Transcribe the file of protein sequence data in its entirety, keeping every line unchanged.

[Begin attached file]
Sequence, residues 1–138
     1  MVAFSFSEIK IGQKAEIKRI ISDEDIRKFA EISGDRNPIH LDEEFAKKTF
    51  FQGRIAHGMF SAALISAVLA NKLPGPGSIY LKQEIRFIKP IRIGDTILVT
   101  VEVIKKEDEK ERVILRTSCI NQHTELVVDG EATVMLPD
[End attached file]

Sequence, residues 1–138
     1  MVAFSFSEIK IGQKAEIKRI ISDEDIRKFA EISGDRNPIH LDEEFAKKTF
    51  FQGRIAHGMF SAALISAVLA NKLPGPGSIY LKQEIRFIKP IRIGDTILVT
   101  VEVIKKEDEK ERVILRTSCI NQHTELVVDG EATVMLPD